In January 2008 I was returning from Pahoa around 8:30pm. I had seen the full moon popping in and out of the clouds to my left as I made my way toward the coast. As I rounded the curve at about the 19 mile marker, just before the Painted Church, I looked over toward the pali to the right and had to pull over and jump out of the car. I couldn’t believe my eyes! There was a full arc moonbow in all it’s glory right over Kalapana. It feels as special as it sounds; it’s as if nature says, “Experience this and chalk it up as a special memory”. It’s so true because your cell phone photos will certainly display a disappointing black square. I have to admit I wept and was extremely grateful to have witnessed it in my lifetime.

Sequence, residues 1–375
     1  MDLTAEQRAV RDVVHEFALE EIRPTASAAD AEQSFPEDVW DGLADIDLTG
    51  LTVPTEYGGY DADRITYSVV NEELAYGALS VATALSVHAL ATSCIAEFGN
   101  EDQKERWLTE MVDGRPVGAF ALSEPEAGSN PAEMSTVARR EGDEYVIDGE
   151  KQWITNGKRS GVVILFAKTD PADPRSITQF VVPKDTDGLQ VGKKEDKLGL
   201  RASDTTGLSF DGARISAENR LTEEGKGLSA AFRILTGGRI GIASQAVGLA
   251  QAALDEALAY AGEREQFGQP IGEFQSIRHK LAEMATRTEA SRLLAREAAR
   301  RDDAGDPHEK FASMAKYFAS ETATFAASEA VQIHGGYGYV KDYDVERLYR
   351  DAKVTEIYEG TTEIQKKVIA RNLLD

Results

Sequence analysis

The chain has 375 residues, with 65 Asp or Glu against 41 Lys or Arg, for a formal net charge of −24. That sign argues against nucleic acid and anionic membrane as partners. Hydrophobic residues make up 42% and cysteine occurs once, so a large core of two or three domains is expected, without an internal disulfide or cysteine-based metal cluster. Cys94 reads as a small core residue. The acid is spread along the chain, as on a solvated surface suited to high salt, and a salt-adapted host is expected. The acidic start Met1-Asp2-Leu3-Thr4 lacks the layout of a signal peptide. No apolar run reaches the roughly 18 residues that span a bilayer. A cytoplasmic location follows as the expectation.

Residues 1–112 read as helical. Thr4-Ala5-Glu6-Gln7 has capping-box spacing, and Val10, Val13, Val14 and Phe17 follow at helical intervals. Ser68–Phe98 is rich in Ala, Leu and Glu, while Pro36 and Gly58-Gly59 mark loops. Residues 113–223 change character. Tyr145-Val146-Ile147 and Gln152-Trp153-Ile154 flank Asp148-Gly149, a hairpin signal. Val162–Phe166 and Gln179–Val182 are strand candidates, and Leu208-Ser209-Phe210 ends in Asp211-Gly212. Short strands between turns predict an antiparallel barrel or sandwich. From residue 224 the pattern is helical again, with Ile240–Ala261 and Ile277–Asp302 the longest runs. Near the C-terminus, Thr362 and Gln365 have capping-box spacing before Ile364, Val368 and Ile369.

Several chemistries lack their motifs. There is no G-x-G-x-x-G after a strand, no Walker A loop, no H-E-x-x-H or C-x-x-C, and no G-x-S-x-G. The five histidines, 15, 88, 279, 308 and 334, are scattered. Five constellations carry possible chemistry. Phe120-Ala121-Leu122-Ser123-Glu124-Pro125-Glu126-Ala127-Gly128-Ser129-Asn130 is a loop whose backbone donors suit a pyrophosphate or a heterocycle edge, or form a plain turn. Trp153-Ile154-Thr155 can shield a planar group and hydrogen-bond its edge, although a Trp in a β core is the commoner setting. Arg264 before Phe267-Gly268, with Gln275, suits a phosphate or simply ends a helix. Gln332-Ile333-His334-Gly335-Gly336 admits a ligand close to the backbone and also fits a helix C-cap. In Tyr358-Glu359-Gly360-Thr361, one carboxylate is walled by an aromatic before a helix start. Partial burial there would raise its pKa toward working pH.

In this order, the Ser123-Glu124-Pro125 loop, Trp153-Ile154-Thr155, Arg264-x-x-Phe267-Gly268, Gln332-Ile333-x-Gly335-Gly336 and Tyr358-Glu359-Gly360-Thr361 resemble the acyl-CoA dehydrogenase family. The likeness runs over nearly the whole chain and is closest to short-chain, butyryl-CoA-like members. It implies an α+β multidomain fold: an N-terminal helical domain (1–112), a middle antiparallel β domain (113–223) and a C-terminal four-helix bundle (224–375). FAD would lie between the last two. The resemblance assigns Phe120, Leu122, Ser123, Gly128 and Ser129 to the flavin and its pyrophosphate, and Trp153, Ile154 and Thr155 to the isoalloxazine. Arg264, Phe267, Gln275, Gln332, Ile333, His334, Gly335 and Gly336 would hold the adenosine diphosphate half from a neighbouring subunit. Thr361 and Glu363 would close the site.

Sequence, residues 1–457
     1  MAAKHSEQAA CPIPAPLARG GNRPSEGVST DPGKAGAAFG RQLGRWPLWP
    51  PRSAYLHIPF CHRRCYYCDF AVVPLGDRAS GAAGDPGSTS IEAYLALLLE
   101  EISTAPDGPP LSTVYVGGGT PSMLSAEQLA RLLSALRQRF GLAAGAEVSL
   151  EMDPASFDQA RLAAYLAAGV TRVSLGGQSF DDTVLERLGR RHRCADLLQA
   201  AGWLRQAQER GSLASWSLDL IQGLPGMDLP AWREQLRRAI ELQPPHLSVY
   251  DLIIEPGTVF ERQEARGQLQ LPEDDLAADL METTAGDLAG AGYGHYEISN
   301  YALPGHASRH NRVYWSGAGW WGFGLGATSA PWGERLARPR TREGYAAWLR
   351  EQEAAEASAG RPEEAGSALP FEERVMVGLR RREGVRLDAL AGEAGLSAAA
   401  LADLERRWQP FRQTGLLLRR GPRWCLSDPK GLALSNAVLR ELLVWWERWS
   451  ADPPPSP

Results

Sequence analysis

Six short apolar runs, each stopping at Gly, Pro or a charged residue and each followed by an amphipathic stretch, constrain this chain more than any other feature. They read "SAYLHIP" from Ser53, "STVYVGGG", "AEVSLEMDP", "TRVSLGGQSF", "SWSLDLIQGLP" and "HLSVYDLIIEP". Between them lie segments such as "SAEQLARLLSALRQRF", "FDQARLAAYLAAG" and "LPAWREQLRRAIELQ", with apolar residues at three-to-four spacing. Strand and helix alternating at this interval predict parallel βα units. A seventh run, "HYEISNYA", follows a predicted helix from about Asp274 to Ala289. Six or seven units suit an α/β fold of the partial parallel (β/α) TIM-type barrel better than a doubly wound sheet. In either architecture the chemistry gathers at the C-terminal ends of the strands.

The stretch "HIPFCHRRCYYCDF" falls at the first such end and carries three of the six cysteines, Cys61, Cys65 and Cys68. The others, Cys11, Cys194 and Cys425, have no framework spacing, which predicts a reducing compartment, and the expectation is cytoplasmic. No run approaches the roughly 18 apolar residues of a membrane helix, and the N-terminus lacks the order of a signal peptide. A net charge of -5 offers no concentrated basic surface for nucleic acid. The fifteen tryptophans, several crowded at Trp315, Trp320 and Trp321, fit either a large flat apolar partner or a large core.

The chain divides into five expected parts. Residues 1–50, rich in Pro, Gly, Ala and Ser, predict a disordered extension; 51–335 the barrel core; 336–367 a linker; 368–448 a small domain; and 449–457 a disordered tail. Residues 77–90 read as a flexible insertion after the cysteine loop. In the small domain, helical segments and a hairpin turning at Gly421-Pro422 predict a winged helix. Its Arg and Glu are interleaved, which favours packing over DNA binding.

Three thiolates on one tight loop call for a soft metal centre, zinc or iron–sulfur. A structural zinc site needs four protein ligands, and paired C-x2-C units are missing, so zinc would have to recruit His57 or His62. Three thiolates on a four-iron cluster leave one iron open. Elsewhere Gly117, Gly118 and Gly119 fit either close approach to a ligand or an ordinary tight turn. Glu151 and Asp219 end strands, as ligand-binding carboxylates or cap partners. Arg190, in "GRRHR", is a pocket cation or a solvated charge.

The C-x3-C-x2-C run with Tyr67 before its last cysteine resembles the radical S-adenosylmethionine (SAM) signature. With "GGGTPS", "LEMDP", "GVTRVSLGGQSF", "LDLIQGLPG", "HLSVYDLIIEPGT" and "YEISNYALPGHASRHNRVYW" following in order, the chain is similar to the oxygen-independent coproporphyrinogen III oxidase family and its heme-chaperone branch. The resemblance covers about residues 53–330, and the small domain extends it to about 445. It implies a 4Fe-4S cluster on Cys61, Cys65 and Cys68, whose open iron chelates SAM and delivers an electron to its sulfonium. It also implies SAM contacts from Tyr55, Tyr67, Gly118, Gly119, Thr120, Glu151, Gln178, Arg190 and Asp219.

Last June, on the Summer Solstice, one also appeared over the backyard. Walking out the backdoor to see a friend out to her car just before 10pm, it was simply shining like an upside down smile!

To catch a moonbow in Hawai’i be mindful that it needs to be a full moon combined with a passing rain. 8pm to 10pm seems to be the best time to spot one. If you hear a passing rain and the full moon emerges from the clouds go outside and look in the opposite direction from the location of the moon in the sky. It’s well worth your patience to try to catch sight of one.

UPDATE: Friday 9/4/09

Awesome! Caught a moonbow. Same conditions described above, went outside and sure enough there was a full arc moonbow in the backyard. I so wish the photos would turn out!

______________________________________________

Great photo of moonbow on this website entitled “Moonbow over Venus”:

http://www.robratkowski.com/oddsends/